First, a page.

THE SECRET OF THE OLD CLOCK
by Carolyn Keene
Nancy Drew's keen mind is tested when she searches for a missing will.
They say you can’t go home again. I don’t know who “they” are, but they’re wrong. When I held this book in my hands, it felt like home. When I opened the book, I felt like a child again. When I read the first line, “Nancy Drew, an attractive girl of eighteen, was driving home along a country road in her new, dark blue convertible,” I was home, and I was a little girl again. The memories flooded into me so fast, I smiled and teared up at the same time. I was back with my idol, Nancy Drew. And you know what? I still want to grow up to be just like Nancy.
I drank in THE SECRET OF THE OLD CLOCK like I had been dying of thirst. I suppose I was really. A thirst for those old feelings of adventure. The ones that I thought so many cozy mysteries had quenched. Don’t get me wrong, cozy mysteries are my oasis in life. They bring me shelter and nourishment. They are the cooling rain in the middle of a vast desert. But Nancy Drew? Well, reading Nancy Drew again was the tall glass of ice water I have been craving.
Now that I have expressed those oh so deep feelings, let me get to my review.
THE SECRET OF THE OLD CLOCK was wonderful from page one until the end. I truly enjoyed riding along with Nancy as she found herself involved in her first case.
Reading the interactions between Nancy with her father, Hannah her house keeper, and the wide cast of characters she meets and befriends in the story, was great fun. As a girl, Nancy’s kindness was the first thing that drew me to her. And she holds that same appeal to this day.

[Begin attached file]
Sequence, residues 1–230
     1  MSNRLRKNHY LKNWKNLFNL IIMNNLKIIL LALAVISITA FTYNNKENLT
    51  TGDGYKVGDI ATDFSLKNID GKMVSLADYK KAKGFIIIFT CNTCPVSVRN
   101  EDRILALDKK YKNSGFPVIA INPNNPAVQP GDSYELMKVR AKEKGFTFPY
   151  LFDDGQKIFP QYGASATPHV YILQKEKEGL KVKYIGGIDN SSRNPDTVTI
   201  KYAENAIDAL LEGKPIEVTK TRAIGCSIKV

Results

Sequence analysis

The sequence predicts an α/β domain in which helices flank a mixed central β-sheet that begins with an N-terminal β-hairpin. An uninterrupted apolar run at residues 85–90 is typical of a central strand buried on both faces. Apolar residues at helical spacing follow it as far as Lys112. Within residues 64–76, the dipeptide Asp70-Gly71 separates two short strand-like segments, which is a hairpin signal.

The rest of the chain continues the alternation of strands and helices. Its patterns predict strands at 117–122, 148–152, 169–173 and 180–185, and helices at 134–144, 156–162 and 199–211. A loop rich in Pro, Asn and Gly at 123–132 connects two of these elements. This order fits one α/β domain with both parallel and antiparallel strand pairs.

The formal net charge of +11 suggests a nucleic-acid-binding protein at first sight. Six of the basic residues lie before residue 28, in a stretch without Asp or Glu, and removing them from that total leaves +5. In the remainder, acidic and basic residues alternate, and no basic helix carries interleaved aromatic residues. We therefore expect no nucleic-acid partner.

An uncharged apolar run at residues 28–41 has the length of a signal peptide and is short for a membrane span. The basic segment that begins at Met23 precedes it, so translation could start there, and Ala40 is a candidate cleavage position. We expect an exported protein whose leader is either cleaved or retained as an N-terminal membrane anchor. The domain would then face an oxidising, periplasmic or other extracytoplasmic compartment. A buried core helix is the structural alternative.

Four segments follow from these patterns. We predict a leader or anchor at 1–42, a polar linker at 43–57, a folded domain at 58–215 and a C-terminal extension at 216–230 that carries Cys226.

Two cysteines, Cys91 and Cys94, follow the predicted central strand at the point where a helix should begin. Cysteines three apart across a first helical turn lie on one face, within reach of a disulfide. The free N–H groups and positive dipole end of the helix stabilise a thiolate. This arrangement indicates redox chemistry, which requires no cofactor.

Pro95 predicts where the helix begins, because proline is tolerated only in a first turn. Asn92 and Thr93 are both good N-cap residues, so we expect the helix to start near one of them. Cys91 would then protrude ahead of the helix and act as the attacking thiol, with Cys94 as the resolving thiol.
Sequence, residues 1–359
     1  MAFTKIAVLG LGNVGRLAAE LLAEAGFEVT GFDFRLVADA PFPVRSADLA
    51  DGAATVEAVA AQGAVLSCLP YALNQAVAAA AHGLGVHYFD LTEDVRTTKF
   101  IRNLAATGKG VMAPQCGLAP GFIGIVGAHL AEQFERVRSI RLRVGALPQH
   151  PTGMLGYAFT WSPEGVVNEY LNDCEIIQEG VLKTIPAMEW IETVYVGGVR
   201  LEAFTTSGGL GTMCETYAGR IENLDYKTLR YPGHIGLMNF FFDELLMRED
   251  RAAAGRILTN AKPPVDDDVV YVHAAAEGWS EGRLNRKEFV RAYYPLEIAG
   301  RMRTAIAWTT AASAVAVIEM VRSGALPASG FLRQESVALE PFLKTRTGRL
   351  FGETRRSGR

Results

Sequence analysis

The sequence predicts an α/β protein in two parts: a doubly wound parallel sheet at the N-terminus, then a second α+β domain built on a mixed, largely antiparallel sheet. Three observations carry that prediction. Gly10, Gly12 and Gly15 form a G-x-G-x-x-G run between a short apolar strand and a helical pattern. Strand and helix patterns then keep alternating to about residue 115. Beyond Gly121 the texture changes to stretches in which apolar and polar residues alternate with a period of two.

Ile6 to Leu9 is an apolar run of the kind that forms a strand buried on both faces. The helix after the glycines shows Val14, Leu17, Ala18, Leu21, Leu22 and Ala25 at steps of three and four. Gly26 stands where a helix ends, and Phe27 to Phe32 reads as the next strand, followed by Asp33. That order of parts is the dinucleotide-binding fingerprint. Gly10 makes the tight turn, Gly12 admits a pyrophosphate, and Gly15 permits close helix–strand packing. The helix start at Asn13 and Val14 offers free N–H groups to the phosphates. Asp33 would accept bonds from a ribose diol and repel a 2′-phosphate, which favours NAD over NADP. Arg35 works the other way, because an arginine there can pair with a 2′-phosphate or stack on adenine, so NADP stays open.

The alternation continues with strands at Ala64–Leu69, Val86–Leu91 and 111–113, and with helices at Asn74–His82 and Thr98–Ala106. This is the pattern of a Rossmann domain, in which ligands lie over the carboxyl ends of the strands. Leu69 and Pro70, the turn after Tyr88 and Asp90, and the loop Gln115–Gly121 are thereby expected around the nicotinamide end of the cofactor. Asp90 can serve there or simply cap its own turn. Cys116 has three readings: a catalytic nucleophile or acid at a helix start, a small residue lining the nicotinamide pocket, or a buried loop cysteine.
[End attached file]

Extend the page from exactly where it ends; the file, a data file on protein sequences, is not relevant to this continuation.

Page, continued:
While Nancy was working so hard to help the families that stood to benefit from her finding the clock, she found herself in many dangerous situations. I really like that she didn’t always get herself out of them. She had no problem with yelling for help. Had no problem taking help that was offered. This made Nancy not only heroic, but human.
Sure, the times have changed. They have even changed for Nancy. The edition I read has been updated and changed from the original, first edition story from 1930. Yet that makes no difference. I still find Nancy Drew to be timeless.
If I had a daughter, I would encourage her to read this entire series. I do however have a niece, and when she is old enough to read at this age level, I will be proud to buy her, her very first Nancy Drew book, THE SECRET OF THE OLD CLOCK. As a matter of fact, it would be fun to buy her not only “my” Nancy Drew, but to buy her the more recent series that have followed. She and I can read those at the same time and both learn how the story of the world’s favorite female detective has grown and still lives on!
I strongly encourage anyone with a young girl in their lives to introduce them to the world of Nancy Drew books. After all, once you have her hooked on those, you’ll have someone to pass all your cozies on to!
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3. The Murder at the Murder at the Mimosa Inn
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